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Ray Manzarek of the Doors dies at 74


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Ray Manzarek Dead: (one of) The Doors Founding Members Dies At 74

http://www.huffingtonpost.com/2013/05/20/ray-manzarek-dead-the-doors_n_3308853.html

Ray Manzarek, most known as a founding member of the '60s rock band The Doors, is dead. According to a message posted on the the bands facebook page, Manzarek died of bile duct cancer while in Rosenheim, Germany, on Monday, May 20. He was 74. Wife Dorothy Manzarek and brothers Rick and James were by his side.

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Ray Manzarek was the highly influential and and innovative keyboardist for the Doors in the late sixties/early seventies.

The following clips show Manzarek's use of the organ in "Light My Fire" and the electric piano in "Riders on the Storm".

When so many bands were power trios, the Doors and others showed that if you were innovative in their use, keyboards could and did add serious depth and strength to any line up.

RIP Ray. You will be missed.

-JS

http://www.youtube.com/watch?v=CvVCCMG-JoQ

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God, that's awful. One of the greatest rock keyboardists of all time, a hugely important contributor to the sound of all the Doors' hits. And also an extremely articulate, literate, passionate, well-spoken man.

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I believe Ray was the one who held the band together, especially during live performances. In the years after '71 and Jim Morrison's death there were a lot of interviews in the aftermath of that shock, wish I could find some of them now to show you.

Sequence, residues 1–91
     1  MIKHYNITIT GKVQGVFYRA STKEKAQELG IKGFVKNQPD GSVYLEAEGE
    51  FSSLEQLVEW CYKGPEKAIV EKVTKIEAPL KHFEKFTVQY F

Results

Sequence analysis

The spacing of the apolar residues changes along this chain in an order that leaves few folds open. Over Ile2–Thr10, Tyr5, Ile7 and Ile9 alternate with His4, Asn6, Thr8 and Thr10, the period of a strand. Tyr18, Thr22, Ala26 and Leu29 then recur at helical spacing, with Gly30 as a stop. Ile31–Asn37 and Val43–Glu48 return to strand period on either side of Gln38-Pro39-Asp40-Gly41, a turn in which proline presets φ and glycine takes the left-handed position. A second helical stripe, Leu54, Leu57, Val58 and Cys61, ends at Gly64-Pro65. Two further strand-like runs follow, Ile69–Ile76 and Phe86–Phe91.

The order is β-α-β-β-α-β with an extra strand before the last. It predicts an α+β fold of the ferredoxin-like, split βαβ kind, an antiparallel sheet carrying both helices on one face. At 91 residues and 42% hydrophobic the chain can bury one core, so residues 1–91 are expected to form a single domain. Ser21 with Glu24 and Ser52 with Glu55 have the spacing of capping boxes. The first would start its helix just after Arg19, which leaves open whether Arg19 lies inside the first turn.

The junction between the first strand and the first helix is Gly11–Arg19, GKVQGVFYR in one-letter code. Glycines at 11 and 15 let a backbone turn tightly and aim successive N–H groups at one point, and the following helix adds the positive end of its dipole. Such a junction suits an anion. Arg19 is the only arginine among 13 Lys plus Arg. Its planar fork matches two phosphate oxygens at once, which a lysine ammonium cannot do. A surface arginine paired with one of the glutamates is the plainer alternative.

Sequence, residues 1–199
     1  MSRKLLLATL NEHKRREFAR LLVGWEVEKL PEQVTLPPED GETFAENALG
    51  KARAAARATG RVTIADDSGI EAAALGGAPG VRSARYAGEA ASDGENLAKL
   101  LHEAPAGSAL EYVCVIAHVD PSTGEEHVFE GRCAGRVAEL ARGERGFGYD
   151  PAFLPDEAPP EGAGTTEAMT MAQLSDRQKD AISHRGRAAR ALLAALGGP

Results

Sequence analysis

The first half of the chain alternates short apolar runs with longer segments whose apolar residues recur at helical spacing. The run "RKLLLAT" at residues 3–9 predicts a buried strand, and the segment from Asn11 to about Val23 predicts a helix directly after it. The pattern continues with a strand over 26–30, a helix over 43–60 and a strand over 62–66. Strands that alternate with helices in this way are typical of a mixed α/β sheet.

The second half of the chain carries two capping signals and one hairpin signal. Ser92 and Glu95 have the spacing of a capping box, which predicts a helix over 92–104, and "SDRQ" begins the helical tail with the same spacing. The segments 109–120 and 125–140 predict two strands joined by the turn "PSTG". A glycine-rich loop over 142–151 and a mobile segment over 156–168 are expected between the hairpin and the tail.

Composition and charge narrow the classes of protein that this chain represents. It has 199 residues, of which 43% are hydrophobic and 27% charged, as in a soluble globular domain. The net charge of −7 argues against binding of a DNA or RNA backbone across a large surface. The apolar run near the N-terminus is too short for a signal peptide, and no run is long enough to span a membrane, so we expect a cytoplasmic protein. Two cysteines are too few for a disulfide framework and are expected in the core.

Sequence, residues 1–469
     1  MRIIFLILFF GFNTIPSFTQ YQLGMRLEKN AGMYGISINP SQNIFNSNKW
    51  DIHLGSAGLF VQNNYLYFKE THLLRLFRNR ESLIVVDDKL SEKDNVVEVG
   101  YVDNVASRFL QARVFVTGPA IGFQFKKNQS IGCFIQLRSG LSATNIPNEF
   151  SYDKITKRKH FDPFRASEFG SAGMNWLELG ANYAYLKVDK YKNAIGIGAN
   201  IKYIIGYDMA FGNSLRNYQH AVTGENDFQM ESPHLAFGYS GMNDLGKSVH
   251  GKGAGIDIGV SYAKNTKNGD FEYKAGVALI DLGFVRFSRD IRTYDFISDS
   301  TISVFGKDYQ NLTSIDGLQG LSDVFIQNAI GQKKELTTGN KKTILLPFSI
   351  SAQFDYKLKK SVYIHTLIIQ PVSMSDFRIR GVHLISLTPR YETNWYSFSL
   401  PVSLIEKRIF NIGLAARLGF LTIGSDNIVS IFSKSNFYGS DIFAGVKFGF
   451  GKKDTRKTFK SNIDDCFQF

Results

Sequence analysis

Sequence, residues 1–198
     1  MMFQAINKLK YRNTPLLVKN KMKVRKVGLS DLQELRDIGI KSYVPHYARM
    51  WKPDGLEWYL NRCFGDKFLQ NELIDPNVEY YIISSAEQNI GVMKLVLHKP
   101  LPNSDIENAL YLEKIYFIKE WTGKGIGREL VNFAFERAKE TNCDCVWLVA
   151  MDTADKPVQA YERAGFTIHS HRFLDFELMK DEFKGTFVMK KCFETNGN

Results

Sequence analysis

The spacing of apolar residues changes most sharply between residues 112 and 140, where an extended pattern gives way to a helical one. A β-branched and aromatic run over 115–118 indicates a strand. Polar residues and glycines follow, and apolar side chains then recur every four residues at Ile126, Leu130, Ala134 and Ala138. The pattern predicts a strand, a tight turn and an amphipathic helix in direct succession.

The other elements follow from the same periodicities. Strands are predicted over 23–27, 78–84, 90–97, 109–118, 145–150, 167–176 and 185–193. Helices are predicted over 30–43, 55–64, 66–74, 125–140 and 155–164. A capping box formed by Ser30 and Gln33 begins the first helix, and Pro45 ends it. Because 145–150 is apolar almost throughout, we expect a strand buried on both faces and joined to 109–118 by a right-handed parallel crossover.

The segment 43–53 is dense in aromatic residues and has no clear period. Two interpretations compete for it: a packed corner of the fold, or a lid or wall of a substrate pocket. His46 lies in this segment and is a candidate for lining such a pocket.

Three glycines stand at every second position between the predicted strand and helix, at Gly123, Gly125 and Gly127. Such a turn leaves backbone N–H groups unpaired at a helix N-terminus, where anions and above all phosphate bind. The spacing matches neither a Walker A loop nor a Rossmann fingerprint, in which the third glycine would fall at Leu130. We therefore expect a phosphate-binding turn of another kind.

Of course there was drug use and with it came Morrison's outlandish behavior (I had a crush on him when I was in high school). I think it was Ray who said that they all went on stage a little afraid because they never knew what Morrison would do and there were times when the vocals just stopped because he was spaced out and the band had to fill in the spaces with adlibbed music. Vamp 'til ready...but it gave us some of the best instrumental solos.

Gotta love that 60's music and the tight pants. The Doors were an awesome band.

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One thing I'll always remember is how Ray would passionately defend Jim Morrison's memory from people who criticized him. Manzarek was particularly critical of Oliver Stone's 1992 film biopic, with scenes that showed Morrison flipping out on college professors and quitting school, and also a scene where the singer went nuts during a recording session when he found out that a Doors song had been used in a TV commercial, and smashed the TV and left the studio.

Manzarek claimed <paraphrasing>: "Not only did Jim not quit school, he was a favorite of the professors there at UCLA film school and graduated with honors. He never stormed out of a class -- he enjoyed school and got along with everybody. As far as the commercial goes, we all approved putting our songs in TV commercials. Jim thought it was hilarious, a way to subversively expose our music to all kinds of white collar families and housewives in middle America. We never had a TV set on during a recording session, and Jim certainly never smashed a TV in a studio."

So a lot of Morrison's temper tantrums and mood swings were amped up for the film. Ray did say that Morrison had his demons, but mainly said his problems were more in just showing up late to rehearsals and concerts, and also being drunk a lot in the last year or so they were together. Unfortunately, the truth apparently wasn't interesting enough for the film.

Note also in the film that when they went on the Ed Sullivan Show, they did sing all the words to "Light My Fire" (the infamous "girl we couldn't get much... higher" line). But in real life, Jim Morrison looked down at the floor and kind of muttered the words on the live show. In the film, actor Val Kilmer defiantly looked right into the camera and sang it very loudly... which again, is not at all what really happened.

I always admired Ray Manzarek for wanting to make sure that the true story was told, and that people understood both the good side and the bad side of Morrison. And Manzarek was always very interesting and articulate when he told that story, tirelessly, in many hundreds of interviews over the past 40 years.

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